New England fisheries date back several centuries, with the iconic Atlantic cod playing a key role in our countries’ development. In the 1970′s, faced with declining fish stocks, Congress passed the Magnuson-Stevens Act to create sustainable fisheries that benefit our fishermen and our Nation. The Act created eight Fishery Management Councils made up of fishermen, along with state and federal managers to develop measures to manage fisheries within the legal requirements. The New England Council is responsible for developing a management plan for 13 groundfish species, including cod. The fishery is managed using a variety of tools, including catch limits, effort controls, and a catch share system. Despite being one of the most scrutinized and highly regulated fisheries in the world, several groundfish stocks including cod, are in extremely poor condition. A concoction of political, environmental, economic, and scientific factors has left cod and the fishing industry in peril, and fisheries management with few options. Brett’s presentation will cover the legal, scientific, and management process of New England groundfish, and highlight what has happened with Atlantic cod, and where the fishery might be headed.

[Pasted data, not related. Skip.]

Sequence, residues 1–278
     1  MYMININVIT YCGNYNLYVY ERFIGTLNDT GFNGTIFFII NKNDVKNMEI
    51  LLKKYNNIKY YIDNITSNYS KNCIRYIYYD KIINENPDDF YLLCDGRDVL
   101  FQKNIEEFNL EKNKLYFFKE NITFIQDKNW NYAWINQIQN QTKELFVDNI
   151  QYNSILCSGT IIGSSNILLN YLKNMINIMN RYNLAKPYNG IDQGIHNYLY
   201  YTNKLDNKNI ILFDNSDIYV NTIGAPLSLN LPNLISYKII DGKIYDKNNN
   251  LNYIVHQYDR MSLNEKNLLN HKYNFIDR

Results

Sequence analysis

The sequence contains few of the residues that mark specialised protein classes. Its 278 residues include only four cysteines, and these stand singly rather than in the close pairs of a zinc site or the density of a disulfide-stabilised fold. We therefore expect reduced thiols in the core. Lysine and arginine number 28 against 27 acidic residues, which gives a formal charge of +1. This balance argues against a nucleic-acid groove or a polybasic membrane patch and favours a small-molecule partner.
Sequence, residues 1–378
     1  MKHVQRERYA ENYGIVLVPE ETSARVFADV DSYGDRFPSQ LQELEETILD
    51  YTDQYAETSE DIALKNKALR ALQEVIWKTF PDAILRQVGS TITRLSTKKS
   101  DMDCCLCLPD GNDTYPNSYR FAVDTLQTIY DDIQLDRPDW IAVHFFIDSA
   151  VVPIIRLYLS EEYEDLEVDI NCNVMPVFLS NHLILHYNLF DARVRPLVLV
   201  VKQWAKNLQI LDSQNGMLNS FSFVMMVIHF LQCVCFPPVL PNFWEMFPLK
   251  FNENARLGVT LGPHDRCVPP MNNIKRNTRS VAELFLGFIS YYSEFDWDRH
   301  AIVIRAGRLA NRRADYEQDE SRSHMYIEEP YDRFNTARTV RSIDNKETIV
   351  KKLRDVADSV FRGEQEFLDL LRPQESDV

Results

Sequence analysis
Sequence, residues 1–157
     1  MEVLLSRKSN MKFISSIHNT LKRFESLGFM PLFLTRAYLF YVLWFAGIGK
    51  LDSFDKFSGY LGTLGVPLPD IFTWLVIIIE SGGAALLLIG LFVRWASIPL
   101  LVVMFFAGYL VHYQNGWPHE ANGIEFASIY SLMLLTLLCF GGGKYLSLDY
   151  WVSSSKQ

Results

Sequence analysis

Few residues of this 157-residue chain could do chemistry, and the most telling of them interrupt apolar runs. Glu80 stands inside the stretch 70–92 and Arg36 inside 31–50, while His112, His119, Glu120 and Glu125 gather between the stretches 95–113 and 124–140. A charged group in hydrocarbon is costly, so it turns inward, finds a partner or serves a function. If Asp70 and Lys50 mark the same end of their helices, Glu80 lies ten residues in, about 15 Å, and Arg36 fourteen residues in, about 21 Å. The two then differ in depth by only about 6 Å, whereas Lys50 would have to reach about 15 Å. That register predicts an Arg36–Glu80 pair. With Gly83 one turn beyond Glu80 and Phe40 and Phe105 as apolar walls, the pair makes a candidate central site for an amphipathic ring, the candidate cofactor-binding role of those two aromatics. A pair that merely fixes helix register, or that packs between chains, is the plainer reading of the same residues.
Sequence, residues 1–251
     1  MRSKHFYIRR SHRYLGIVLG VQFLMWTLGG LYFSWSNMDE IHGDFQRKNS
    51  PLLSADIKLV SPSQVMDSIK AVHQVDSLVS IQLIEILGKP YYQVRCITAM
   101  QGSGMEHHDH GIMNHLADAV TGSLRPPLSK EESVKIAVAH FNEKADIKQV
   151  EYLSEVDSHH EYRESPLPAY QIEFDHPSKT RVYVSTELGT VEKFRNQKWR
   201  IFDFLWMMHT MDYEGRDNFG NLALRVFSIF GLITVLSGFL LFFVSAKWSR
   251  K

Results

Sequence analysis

Brett Alger is a Fishery Management Specialist for NOAA Fisheries in the Greater Atlantic Regional Fisheries Office in Gloucester, MA, a region that extends from the Canadian border to North Carolina. He helps to manage commercial and recreational fisheries in Federal waters of the Atlantic Ocean, including developing policy, implementing management measures, and monitoring catch. Before coming to NOAA Fisheries six years ago, Brett earned a B.S. in Biology from Central Michigan University, an M.S in Fisheries Management and Science from Michigan State University, and worked for the United States Fish and Wildlife Service and several State agencies in the Midwest.
Every week during the academic year, the ENVS Lunch & Learn lecture series features speakers from government, industry, academia and non-profit organizations to give presentations on environmental topics. This is a great opportunity to broaden your knowledge beyond the curriculum, meet other faculty and students and network with the speakers.
Students, faculty, staff, and visitors are welcome to attend.
Food is generously sponsored by the Tufts Institute of the Environment.
You can’t make it to the talk? No problem!